Due to the success of the program and the NICE recommendations, we are now aiming to disseminate the evidence-based SARAH program to facilitate its use in clinical practice. In the original clinical trial, therapists attended a face-to-face training session (one-half to 1 day in duration) to learn how to deliver the SARAH program. Following the publication of the SARAH clinical trial results, all the patient and therapist materials required to deliver the SARAH program were made available for health care professionals worldwide downloadable from the Oxford Clinical Trials Research Unit (OCTRU) website [12].

    However, we recognized the need for a knowledge dissemination tool with the potential to facilitate wider and systematic uptake of the SARAH program by physiotherapists and occupational therapists and its implementation in clinical practice. We, therefore, proposed a free Web-based training program for SARAH, iSARAH [13], to serve this purpose. Web-based training programs use modern telecommunication and information technologies to deliver information and have the capacity to accommodate multimodal learning formats (eg, written materials, multimedia, animations, feedback, and assessments) [14,15]. They can reach many people at their convenience, can overcome geographical barriers, and are cost-effective in terms of time, effort, and travel [15]. Web-based training has the potential to be an effective method of reaching and training health professionals globally [16-20].

    The iSARAH implementation project is based on the analysis, design, development, implementation, and evaluation (ADDIE) model, one of the common instructional system design models used for constructing Web-based programs [21-24].

    The analysis stage comprises defining the problem, identifying the target knowledge users, and looking for possible solutions to bridge the knowledge-action gap and user-specific needs for the dissemination tool. In the context of the SARAH program, the knowledge-action gap is the evidence-based SARAH program (current knowledge) and its application in practice (action). The targeted users are the physiotherapists and occupational therapists who routinely treat and prescribe hand exercises to people with RA. We proposed to bridge the knowledge-action gap by educating and training the therapists on the SARAH program with a knowledge dissemination tool (iSARAH).

    The design stage consists of finding ways to organize and present the content, identifying modes of delivery, and developing an evaluation plan of the dissemination tool. This stage involves conceptualizing and adapting the SARAH program to fit the Web-based iSARAH.

    The development stage involves building iSARAH, evaluating its usability issues, and refining iSARAH to develop the final version.

    The implementation stage involves making iSARAH available for NHS therapists.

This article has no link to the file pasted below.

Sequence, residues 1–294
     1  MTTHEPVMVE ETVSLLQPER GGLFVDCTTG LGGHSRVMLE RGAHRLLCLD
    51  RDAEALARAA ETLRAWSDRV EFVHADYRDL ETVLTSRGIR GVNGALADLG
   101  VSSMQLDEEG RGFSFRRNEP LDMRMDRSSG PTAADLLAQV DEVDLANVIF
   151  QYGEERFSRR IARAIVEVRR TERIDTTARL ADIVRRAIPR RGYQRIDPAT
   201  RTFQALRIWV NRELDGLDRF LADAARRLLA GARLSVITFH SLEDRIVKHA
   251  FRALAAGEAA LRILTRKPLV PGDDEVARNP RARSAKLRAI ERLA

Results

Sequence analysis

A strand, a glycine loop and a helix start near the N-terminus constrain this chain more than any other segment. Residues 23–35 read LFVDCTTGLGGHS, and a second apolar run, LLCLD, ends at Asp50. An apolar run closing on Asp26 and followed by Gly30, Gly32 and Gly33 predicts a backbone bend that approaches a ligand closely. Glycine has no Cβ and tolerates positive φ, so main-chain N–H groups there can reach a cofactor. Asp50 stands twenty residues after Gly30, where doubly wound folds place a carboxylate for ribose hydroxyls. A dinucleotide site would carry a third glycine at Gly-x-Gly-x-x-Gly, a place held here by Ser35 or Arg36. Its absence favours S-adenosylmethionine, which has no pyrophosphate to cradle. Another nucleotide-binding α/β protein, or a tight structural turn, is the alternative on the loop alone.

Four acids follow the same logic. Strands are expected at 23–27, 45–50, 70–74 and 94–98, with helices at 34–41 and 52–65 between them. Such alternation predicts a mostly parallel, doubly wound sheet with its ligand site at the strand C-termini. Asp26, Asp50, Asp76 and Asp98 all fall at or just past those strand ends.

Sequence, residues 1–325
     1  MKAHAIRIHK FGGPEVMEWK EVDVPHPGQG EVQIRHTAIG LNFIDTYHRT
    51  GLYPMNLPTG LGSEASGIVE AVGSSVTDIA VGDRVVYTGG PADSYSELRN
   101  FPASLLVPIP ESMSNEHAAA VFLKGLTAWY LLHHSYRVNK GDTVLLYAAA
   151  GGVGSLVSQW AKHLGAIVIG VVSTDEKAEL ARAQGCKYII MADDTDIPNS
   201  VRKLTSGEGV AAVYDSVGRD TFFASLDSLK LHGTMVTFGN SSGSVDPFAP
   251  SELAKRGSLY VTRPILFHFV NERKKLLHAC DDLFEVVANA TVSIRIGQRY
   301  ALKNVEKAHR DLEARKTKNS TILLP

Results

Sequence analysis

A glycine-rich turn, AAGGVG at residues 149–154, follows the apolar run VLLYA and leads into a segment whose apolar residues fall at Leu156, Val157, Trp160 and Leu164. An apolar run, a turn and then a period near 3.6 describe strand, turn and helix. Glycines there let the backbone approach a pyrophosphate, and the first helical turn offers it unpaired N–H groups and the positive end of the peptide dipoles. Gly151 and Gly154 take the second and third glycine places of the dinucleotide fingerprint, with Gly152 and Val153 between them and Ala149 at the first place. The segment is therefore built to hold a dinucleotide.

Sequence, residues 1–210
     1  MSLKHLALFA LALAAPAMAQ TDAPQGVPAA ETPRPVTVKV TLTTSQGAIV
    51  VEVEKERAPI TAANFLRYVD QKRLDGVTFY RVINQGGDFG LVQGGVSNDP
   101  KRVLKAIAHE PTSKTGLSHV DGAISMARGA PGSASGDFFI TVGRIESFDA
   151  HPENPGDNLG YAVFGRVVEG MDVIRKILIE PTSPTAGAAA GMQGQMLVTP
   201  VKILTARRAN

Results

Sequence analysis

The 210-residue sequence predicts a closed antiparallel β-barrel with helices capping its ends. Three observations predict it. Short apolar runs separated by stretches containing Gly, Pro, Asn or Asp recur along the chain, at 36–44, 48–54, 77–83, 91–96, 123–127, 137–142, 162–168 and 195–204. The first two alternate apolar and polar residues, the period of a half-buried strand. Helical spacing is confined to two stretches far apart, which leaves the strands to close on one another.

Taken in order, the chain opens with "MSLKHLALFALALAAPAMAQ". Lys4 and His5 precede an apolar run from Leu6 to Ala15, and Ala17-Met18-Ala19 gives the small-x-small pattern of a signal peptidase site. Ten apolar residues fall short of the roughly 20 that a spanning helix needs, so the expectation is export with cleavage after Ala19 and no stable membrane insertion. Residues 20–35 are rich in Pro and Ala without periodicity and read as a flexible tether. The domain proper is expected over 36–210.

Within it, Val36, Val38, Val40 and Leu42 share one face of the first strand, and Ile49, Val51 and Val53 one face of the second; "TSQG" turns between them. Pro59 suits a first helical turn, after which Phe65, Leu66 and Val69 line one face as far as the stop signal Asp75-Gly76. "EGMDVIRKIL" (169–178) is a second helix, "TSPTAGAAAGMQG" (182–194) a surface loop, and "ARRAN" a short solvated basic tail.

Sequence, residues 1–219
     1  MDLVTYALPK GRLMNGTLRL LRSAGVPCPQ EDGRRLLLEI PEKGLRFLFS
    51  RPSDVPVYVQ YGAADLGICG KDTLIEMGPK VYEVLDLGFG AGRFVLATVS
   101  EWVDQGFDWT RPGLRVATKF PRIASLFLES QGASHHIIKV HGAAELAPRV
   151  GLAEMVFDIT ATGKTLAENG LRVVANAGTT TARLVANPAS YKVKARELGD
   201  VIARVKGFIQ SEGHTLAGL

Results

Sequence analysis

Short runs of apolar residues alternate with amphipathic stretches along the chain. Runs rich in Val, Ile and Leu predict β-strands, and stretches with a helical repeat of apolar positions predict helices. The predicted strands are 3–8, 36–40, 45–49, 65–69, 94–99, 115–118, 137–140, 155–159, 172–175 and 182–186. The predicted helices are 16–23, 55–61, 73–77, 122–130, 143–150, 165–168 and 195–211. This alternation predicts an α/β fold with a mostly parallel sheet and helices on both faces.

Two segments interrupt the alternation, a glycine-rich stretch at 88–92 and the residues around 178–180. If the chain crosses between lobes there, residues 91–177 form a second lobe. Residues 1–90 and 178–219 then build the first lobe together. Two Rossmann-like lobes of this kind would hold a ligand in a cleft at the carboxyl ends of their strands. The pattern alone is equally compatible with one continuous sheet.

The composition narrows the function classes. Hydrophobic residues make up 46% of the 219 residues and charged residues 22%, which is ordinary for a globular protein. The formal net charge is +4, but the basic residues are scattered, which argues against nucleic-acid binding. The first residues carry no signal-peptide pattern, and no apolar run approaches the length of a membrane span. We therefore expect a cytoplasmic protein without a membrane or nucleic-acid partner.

The evaluation stage will include evaluation of learning outcomes such as knowledge, attitudes, intention to implement and user satisfaction with iSARAH, and evaluation of actual use of the SARAH program by iSARAH-trained therapists in real-world settings.

    Here we describe the first 3 phases of the iSARAH implementation project.


    Methods

    Phase 1: iSARAH Needs Analysis

    Specific objectives of this phase were (1) to explore routine exercise prescription practices and outcomes use among therapists who treat people with RA affecting the hands and wrists, (2) to identify barriers and facilitators to implementing the SARAH program, and (3) to collect therapists’ opinions and preferences on the design, content, and features of iSARAH.

    A convenience sample of physiotherapists and occupational therapists of different countries who downloaded the SARAH program materials from the OCTRU website and gave permission to be contacted by the SARAH team were considered eligible for participation in the SARAH survey. Willingness to provide consent for taking part in the survey was the other inclusion criterion.

    We developed a survey questionnaire (Multimedia Appendix 1) that focused on routine therapist practice patterns in prescribing hand exercises for people with RA, and their experiences of using the SARAH program in clinical practice since they downloaded the SARAH program materials. We also asked therapists about barriers and enablers to using the SARAH program, and their preferences for the content, design, and structure of iSARAH. We sent invitation emails with a weblink containing information about the survey, along with a consent form and some questions relating to the therapists’ professional background and experience. Access to the survey was allowed for those therapists who provided online consent. Those who consented were asked to complete the survey within 2 weeks. For nonresponders, a reminder email was sent after 2 weeks, followed by a final reminder a week later.

    The survey protocol was reviewed and approved by the medical sciences Inter-Divisional Research Ethics Committee at the University of Oxford, Oxford, UK (reference number R43362/RE001). The SARAH survey was developed using LimeSurvey (LimeSurvey GmbH), an open source survey tool, and was hosted by OCTRU, University of Oxford.

    Phase 2: iSARAH Design

    Specific objectives of this phase were (1) to design a paper prototype of iSARAH, and (2) to gain feedback from a multidisciplinary group of health professionals and to agree on the content, delivery methods, frequently asked questions (FAQs), and the navigation, layout, and visual appeal features of iSARAH.